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The protons alpha to the oxygen in methyl propionate are more shielded than their corresponding protons in ethyl propionate.

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We can see from the NMR data that this is the case as well.

My TA says this is due to the inductively withdrawing effect of the extra carbon in ethyl propionate.

However, this strikes me as blatantly wrong. The carbon should be inductively donating ... I don't see how it pulls electron density away from the specified hydrogens.

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In your example we are comparing the electron releasing/withdrawing properties of a hydrogen substituent and a methyl substituent, and the effect this has on proton ($\ce{H_{a}}$) chemical shifts.

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Carbon (2.55) is more electronegative than hydrogen (2.2). Therefore, the methyl substituent will be more electron withdrawing compared to the hydrogen substituent. This means that the methyl group will remove electron density from the carbon to which it is attached, compared to the hydrogen substituent. The fact that this carbon has lower electron density in the methyl case, is further transmitted to the protons ($\ce{H_{a}}$) attached to this carbon. Consequently the $\ce{H_{a}}$ protons will also experience lower electron density in the R=methyl case.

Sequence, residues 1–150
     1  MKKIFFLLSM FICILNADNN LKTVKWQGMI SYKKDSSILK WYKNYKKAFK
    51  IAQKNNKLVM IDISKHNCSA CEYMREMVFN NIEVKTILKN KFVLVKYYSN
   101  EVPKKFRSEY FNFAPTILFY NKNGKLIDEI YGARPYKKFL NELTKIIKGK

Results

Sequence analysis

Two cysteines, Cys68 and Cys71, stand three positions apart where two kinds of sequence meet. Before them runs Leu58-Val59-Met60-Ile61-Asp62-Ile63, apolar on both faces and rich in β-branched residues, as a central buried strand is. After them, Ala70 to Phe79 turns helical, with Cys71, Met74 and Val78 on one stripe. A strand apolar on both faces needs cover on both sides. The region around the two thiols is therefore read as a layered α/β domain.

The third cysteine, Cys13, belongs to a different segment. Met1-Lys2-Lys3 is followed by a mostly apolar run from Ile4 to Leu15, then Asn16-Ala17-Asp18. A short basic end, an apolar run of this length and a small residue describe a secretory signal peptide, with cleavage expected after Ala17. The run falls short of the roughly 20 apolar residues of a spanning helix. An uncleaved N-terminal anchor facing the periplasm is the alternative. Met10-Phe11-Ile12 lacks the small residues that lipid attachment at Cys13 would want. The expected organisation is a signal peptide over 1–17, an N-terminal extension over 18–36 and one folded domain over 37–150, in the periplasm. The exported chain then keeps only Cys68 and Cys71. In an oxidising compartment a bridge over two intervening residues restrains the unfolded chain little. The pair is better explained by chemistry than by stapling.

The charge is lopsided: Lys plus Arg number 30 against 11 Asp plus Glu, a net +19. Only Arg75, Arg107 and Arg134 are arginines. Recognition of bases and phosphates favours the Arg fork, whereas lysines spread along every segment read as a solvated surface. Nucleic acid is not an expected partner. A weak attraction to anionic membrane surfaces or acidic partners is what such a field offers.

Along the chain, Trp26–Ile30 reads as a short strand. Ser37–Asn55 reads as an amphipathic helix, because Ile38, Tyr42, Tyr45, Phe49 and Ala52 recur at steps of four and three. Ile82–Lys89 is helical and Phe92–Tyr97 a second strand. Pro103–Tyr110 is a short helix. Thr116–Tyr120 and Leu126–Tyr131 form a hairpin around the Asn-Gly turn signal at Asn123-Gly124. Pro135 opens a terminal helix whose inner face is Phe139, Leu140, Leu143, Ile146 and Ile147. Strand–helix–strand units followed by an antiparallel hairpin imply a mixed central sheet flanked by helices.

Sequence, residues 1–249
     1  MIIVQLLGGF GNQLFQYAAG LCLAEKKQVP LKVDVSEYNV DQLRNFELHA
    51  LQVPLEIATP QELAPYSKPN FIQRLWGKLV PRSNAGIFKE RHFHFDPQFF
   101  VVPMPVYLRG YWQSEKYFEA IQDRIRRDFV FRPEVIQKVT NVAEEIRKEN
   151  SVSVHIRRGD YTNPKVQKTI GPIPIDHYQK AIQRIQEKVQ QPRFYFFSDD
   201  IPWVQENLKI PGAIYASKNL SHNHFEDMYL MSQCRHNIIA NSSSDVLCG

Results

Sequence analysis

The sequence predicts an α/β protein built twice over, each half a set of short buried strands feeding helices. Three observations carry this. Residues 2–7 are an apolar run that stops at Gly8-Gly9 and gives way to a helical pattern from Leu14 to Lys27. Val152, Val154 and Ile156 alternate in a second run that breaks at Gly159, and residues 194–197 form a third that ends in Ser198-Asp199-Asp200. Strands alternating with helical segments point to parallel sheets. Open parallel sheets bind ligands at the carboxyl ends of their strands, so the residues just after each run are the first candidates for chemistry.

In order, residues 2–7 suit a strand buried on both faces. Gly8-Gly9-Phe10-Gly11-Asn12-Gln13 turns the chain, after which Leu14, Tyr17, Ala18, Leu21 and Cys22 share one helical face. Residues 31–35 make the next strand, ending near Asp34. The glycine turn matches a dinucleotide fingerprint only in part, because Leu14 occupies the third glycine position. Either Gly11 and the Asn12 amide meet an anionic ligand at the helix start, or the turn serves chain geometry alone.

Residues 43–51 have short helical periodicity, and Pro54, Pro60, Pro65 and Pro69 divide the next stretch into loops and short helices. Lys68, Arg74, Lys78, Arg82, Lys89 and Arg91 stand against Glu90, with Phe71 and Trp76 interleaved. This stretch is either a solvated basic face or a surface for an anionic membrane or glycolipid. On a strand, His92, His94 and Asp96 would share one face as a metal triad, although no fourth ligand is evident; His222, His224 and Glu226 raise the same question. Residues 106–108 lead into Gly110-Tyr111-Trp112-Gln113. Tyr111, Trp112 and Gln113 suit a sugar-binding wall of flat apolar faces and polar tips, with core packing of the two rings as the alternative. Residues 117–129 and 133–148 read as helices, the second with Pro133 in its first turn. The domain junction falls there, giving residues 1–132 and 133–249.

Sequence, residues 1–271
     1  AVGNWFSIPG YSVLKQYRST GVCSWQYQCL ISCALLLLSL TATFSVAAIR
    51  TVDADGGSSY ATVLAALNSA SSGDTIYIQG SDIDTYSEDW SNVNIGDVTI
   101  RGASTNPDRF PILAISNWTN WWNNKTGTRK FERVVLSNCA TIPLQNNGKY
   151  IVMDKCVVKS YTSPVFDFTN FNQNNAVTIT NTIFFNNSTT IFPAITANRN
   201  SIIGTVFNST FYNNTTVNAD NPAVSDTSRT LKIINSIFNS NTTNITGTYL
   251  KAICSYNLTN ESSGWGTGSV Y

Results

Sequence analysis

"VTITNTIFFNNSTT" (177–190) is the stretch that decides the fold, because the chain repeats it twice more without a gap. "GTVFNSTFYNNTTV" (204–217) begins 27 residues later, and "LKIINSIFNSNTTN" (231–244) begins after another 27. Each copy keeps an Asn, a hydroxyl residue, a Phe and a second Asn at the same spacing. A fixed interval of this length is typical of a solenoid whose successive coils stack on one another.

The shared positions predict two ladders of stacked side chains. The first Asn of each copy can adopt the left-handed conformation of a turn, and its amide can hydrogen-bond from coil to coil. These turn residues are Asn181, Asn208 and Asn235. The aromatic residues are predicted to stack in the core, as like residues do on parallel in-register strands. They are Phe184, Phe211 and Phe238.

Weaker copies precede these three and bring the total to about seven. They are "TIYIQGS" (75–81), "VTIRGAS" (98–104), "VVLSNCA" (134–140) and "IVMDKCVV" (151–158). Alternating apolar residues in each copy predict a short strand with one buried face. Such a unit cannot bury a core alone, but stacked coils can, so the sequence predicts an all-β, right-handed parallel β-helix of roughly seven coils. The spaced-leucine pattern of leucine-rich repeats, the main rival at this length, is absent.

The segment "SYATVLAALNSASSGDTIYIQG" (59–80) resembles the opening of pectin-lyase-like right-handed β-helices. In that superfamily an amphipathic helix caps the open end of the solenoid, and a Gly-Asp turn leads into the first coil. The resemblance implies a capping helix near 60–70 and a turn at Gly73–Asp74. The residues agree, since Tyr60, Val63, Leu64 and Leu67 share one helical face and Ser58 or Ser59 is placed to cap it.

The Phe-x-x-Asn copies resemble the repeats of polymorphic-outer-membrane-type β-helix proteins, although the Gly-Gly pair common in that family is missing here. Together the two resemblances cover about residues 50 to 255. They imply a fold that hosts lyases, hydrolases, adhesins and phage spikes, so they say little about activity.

Lower electron density at an nmr-active nucleus results in deshielding (downfield shift). Consequently, the $\ce{H_{a}}$ protons are deshielded in the ethyl ester (R=methyl) relative to the methyl ester (R=hydrogen), in agreement with the spectral data you've provided.

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    $\begingroup$ Are you saying that the electron withdrawing effects of carbon act through another carbon atom (as is apparently the case in the ethyl ester)? $\endgroup$ – Dissenter Jan 30 '15 at 4:11
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    $\begingroup$ Yes, we're comparing the effect of hydrogen vs. methyl through a carbon atom and on thehydrogens attached to that carbon atom. $\endgroup$ – ron Jan 30 '15 at 4:16
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    $\begingroup$ After all, the standard shifts for methyl, methanediyl and methanetriyl groups are 0.9, 1.3, and 1.7 respectively. $\endgroup$ – RBW Jan 30 '15 at 14:48

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